PERHAPS it was inevitable. Perhaps there are people who really are beyond help, beyond hope. Certainly there’s no getting away from the fact that there are those whose judgement is so clouded by the colour of a person’s skin, that when the greatest politician of his age, Nelson Mandela, died, they surfaced from under their stones, scraped themselves from the bottom of barrels, roused themselves from their stupor of general ignorance to vent their racist bile.
The very idea that Edinburgh might recognise the achievements of Mandela in his death by renaming Festival Square in his honour sent the bigots into such fits of apoplexy they filled this newspaper’s website with their vile comments.
There is nothing in wrong in disagreeing with the council’s proposal. You may well have a valid reason for believing Festival Square is a more appropriate name for the public space in front of the Sheraton hotel. You may feel there are better, more inspirational places where Mandela’s name could be used.
You may not hold Mandela in high esteem, you may disagree with his socialist leanings, you may well have felt that the coverage of his death was over the top – but to sink to the depths of blatant racist stereotyping negates any argument you may hold.
Beyond the sheer prejudice there were others who questioned his links with Edinburgh, suggesting there were more appropriate people who should have streets in their name. But who could be more appropriate than a man who was given the freedom of this city in 1997 when he visited as part of the Commonwealth Heads of Government Meeting?
Who could be more appropriate than the figurehead of the anti-apartheid movement, a movement which many, many decent people in the city had campaigned for to ensure that the focus on the horrific, brutal regime of the South African government was never lost?
At an official level the former Lothian Regional Council was affiliated to the anti-apartheid movement and Action for South Africa, while in 1984 the district council named a room in the City Chambers in his honour and in 1986 erected the Woman and Child sculpture in Festival Square as a symbol of Edinburgh’s stance against apartheid. At an unofficial one, individuals did their bit from protests at consulates to boycotts of South African produce – apples in particular.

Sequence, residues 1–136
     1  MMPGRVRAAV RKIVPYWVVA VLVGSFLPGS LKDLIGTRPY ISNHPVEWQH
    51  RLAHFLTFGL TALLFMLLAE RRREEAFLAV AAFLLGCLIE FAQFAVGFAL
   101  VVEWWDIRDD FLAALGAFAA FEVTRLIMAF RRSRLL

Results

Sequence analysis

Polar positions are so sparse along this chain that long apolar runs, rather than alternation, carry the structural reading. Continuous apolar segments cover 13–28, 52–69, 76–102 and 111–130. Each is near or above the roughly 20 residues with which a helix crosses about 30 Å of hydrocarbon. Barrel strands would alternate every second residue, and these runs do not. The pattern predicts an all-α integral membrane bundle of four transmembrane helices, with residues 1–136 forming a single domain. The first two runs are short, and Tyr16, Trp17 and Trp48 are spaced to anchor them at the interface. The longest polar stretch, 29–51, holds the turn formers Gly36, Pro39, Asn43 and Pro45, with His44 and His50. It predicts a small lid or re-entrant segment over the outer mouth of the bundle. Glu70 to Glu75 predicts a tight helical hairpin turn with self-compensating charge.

All of that might seem trivial, but as Napoleon Hill once said “if you cannot do great things do small things in a great way”.
Mandela himself acknowledged the importance of the internationalism of the anti-apartheid movement as helping to enable the changes to happen in South Africa. Why shouldn’t Edinburgh feel proud to have been a small part of that?
Then there were those who said that if the city wanted to celebrate Mandela it should have named a street after him while he was alive. I’m sure there are those who wanted to do so, unfortunately street-naming rules stipulate that you have to be dead.
And of course there was the accusation that Mandela was a criminal and a terrorist and therefore should not be held in any esteem. Yet Mandela was no more a terrorist than the corrupt, racist government which carried out repulsive atrocities on the black people of its country.
I have faith the vast majority of people in Edinburgh did feel sadness at the passing of Mandela and see him as a great figure who promoted equality, peace, tolerance, forgiveness, humanity and dignity.
All qualities which those who felt the need to expose their rotten racism via the Evening News website – or others – obviously have in very short supply.
Walker not out of the woods despite apology
CRAIGMILLAR has long had its fair share of troubles, even when it comes to its elected representatives.
Who could forget former councillor David Brown and his abuse of the council house waiting list on behalf of the mother of his friend Paul Nolan – another former councillor for the area, and a man who allegedly still knows where “all the bodies are buried” when it comes to Edinburgh’s Labour Party.
Now one of Nolan’s long-time compatriots, David Walker, is the area’s current councillor. And Walker has hit the headlines by writing to a high court judge asking that a man found guilty of torture should not be sent to jail.
Walker’s friend of 40 years, John Lindsay, threw Jamie Alexander into a cage with his Rottweiler dogs, kicked and punched him, tied his hands and feet with cables, stubbed out lit cigarettes on his skin and poured boiling water over his groin. All this instead of just calling the police to report that a man had broken into his house. Unsurprisingly judge Lord Turnbull described Lindsay’s actions as “barbaric” and those of Walker in asking that he not be sent to jail as “preposterous”.
Yet Lindsay obviously felt able to ask Walker to write such a letter. Why? Well because of their long-standing friendship and perhaps a misplaced belief that having a councillor vouch for him would sway the judge.
Given their relationship then, it seems odd that Walker now claims, as part of his apology for writing the letter, that he didn’t know the “level of violence” involved.
Even if he didn’t know Lindsay personally he could hardly have failed to have heard about what happened. And if he didn’t know the exact details it would have taken Walker a single phone call to the Procurator Fiscal’s office to find out.
He didn’t do that which seems downright stupid considering the reputational risk he was at by writing to a judge in his official capacity.
Council leader Andrew Burns feels satisfied with Walker’s apology – but I suspect this will not be the last of the matter. The people of Craigmillar need to be reassured about the judgement of their councillor.